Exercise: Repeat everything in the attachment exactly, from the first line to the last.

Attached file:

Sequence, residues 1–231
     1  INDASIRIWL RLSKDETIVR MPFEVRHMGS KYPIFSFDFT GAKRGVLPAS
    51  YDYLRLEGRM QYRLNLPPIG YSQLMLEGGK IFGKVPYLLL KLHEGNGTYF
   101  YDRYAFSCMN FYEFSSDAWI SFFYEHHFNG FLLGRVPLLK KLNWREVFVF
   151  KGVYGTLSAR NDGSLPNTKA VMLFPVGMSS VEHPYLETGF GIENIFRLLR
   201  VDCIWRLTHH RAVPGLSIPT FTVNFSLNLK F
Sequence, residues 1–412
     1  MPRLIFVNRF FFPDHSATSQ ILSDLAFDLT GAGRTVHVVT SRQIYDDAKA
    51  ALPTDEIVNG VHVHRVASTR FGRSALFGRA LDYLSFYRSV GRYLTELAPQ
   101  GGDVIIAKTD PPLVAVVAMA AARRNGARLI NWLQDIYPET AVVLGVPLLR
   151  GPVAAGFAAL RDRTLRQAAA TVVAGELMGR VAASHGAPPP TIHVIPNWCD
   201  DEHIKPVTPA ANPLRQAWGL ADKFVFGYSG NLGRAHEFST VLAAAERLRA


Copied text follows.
Sequence, residues 1–231
     1  INDASIRIWL RLSKDETIVR MPFEVRHMGS KYPIFSFDFT GAKRGVLPAS
    51  YDYLRLEGRM QYRLNLPPIG YSQLMLEGGK IFGKVPYLLL KLHEGNGTYF
   101  YDRYAFSCMN FYEFSSDAWI SFFYEHHFNG FLLGRVPLLK KLNWREVFVF
   151  KGVYGTLSAR NDGSLPNTKA VMLFPVGMSS VEHPYLETGF GIENIFRLLR
   201  VDCIWRLTHH RAVPGLSIPT FTVNFSLNLK F
Sequence, residues 1–412
     1  MPRLIFVNRF FFPDHSATSQ ILSDLAFDLT GAGRTVHVVT SRQIYDDAKA
    51  ALPTDEIVNG VHVHRVASTR FGRSALFGRA LDYLSFYRSV GRYLTELAPQ
   101  GGDVIIAKTD PPLVAVVAMA AARRNGARLI NWLQDIYPET AVVLGVPLLR
   151  GPVAAGFAAL RDRTLRQAAA TVVAGELMGR VAASHGAPPP TIHVIPNWCD
   201  DEHIKPVTPA ANPLRQAWGL ADKFVFGYSG NLGRAHEFST VLAAAERLRA